Ultimately, we can only keep what we have by giving it away. If we keep selfishly this precious gift of recovery to ourselves, we are certain to lose it.  Recovery is not meant to be inconsiderately kept in a vault, never to be shared; instead, we need to share it freely with others and allow others to share theirs with us.  Ultimately, we need each other – all those who have gone before us and showed us the way, and those who are still struggling and want what we have. We even need those who don’t share our disease of addiction, but love us and want to help make our lives worth living.

    As part of National Recovery Month, the City of Pittsburgh will be holding its second annual Pittsburgh Recovery Walk on September 16.  The Pittsburgh Recovery Walk celebrates the many roads to recovery from addiction and all those who have traveled them. It aims to dispel negative stigma and recognize recovery as a positive force in our community. 

    Likewise, the Gateway Rehab Recovery Community allows all those who have been affected by addiction in one form or another to associate with others to gain support and encouragement, celebrate recovery, and give something back. This Gateway Recovery Community is open to those in recovery, family members and loved ones, friends, treatment professionals, and anyone else who is concerned with or has been affected by addiction. 

    During the Pittsburgh Recovery Walk on September 16, we will have a Gateway Rehab Recovery Community team and would love for you to join us. Registration is free and not only will you receive a Pittsburgh Recovery Walk t-shirt, but you will also get a Gateway Rehab giveaway for joining our team. 

    The Pittsburgh Recovery Walk will be a day to set aside the pain associated with addiction and simply celebrate recovery in all of its forms.  Please consider joining us and walking with the Gateway Rehab Recovery Community. All of us, then, can become Voices for Recovery, bringing addiction out of the shadows, celebrating life and strengthening our community. 



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How does a lobster grow?

Are you feeling uncomfortable?  Maybe it's because you are growing ...

Listen to Dr. Abraham Twerski talk about feeling uncomfortable and how that can lead to growth.

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The Roads to Recovery ... A Lifelong Process of Discovery Available to Us All

Road to RecoveryWhen first entering rehab, a lot of us think that we just have a drug or alcohol problem but we soon hear from others in recovery and realize that, “drugs or alcohol are only 10 percent of the problem, the rest is you.”

     Recovery from addiction involves the healing of all dimensions of ourselves, not only the physical but, also, the intellectual, emotional, social, vocational and spiritual dimensions of ourselves. Involving an improvement in self-awareness and self-image, we realize and accept gradually that recovery is a lifelong process of restoring ourselves to better health.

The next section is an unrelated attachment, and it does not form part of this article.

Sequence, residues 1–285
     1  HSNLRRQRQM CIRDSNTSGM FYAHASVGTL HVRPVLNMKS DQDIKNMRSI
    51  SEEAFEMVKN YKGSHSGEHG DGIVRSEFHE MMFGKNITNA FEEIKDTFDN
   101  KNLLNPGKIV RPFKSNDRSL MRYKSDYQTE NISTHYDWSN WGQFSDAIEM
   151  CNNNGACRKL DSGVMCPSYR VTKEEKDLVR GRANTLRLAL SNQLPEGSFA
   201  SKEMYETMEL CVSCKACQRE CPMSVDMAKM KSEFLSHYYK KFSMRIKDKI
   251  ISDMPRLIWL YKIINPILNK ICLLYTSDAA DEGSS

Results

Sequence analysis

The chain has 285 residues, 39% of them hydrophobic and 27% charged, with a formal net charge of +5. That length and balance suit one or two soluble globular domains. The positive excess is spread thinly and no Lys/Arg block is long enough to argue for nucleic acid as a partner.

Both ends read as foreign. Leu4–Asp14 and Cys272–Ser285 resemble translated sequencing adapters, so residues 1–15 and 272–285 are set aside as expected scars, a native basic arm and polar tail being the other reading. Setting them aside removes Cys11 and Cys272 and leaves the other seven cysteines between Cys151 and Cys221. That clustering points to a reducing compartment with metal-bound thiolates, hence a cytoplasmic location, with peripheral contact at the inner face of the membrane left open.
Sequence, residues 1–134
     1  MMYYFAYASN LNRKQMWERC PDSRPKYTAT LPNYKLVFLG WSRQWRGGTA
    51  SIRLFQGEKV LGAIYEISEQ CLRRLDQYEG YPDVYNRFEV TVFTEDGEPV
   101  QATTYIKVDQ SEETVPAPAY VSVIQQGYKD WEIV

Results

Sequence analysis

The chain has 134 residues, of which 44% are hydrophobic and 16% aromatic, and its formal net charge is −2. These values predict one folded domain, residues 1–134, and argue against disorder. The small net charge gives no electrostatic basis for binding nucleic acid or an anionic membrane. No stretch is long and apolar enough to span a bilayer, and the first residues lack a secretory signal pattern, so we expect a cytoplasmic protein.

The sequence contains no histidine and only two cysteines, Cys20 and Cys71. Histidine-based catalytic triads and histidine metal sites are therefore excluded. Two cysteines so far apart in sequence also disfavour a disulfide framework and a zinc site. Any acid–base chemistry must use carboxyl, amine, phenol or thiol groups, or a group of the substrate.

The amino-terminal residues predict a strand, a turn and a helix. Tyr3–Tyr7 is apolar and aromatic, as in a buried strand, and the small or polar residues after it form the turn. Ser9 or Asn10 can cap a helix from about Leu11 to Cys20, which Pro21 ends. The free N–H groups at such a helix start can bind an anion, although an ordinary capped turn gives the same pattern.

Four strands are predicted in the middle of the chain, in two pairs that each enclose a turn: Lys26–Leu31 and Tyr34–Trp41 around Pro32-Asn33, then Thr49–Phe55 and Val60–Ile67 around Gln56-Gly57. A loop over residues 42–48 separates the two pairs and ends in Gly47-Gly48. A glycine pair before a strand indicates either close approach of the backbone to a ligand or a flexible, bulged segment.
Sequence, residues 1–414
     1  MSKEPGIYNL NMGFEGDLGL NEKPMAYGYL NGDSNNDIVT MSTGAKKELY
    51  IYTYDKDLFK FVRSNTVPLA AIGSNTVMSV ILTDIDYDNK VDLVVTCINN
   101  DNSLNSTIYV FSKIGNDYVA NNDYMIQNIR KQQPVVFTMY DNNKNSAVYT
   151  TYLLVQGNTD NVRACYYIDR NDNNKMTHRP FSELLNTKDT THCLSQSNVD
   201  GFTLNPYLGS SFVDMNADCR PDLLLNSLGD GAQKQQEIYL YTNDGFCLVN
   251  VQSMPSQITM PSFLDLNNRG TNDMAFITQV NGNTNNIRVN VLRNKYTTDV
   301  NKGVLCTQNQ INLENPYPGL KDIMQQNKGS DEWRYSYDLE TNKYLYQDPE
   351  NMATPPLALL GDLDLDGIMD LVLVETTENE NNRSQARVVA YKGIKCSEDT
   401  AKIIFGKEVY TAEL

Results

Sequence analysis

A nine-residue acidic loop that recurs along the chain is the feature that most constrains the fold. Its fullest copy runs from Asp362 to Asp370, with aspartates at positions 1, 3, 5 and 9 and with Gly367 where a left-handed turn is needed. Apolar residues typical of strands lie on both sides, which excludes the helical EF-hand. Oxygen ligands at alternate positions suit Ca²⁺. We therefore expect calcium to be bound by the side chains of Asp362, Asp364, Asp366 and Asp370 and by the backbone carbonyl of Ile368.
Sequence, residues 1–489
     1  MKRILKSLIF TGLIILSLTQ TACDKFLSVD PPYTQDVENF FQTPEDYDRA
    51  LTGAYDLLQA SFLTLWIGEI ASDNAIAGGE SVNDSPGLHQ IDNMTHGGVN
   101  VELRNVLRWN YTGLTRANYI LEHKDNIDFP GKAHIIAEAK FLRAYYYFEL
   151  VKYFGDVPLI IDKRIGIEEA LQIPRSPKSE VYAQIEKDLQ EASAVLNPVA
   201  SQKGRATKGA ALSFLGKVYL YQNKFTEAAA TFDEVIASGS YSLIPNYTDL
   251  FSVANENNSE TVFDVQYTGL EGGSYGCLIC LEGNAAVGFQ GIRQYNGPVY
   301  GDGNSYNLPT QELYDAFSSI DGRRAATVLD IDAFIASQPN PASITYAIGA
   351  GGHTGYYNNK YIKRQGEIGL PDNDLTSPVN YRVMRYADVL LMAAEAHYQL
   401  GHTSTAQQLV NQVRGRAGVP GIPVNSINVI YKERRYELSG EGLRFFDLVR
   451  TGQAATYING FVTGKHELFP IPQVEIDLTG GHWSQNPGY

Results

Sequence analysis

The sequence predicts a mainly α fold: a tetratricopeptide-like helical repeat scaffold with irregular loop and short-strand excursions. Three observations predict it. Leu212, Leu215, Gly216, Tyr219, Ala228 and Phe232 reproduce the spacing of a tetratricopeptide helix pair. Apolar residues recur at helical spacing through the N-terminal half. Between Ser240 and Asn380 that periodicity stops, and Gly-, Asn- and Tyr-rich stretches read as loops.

But, while this may sound easy, recovery doesn’t happen overnight and for many of us, it is a tall order. As the Narcotics Anonymous Basic Text says: “This sounds like a big order and we can’t do it all at once. We didn’t become addicted in one day, so, remember, easy does it.”

     A simple comparison could be restoring one’s self to health to that of restoring an abandoned house to a livable condition, a process that definitely doesn’t happen overnight. It takes the right tools and resources. It takes time. It takes practice. It takes effort.

     Likewise, recovery takes patience, empathy, forgiveness and compassion. It takes honesty, open mindedness and willingness. It takes loving and accepting one’s self unconditionally. And, it takes dedication and perseverance – not giving up, no matter what, even if one stumbles and falls once, twice or even multiple times.

     Moreover, just like a house, which needs constant upkeep and maintenance, so does our recovery. Without constant attention, our recovery can stagnate and our foundation can crumble and collapse. In other words, “if you’re not working on your recovery, you’re working on a relapse.”

     But, while this process may seem daunting, we learn early in recovery that help and support are readily available.

     Our family and loved ones can be great supporters of our recovery, but sometimes they might not understand this lifelong process of recovery. So, in addition to family and loved ones, 12-step programs, such as Alcoholics Anonymous and Narcotics Anonymous, can provide a collective strength, encouragement and hope to those in recovery.

     By hearing and sharing life experiences with each other, recovering addicts and alcoholics can learn how to handle life on life’s terms without using. Additionally, 12-step programs provide the opportunity to build new and healthy relationships; to learn new and change behaviors through self-examination and the practice of guiding principles, and; to serve and help others in recovery.

     However, because we all came to a life of recovery differently, and all are unique in our own ways, recovery can never be quite the same for one another – no one way to recover is better than another. And, because it is lifelong requiring constant attention and maintenance, it’s not a race, nor do we ever graduate.

     Ultimately, recovery is a personal, lifelong journey of fulfillment and purpose – discovering a renewed sense of value, purpose and self-awareness. It is available to us all as long as we first have the humility and courage to ask for help, and then stay the course by being true to form – true to others and ourselves.


- Anonymous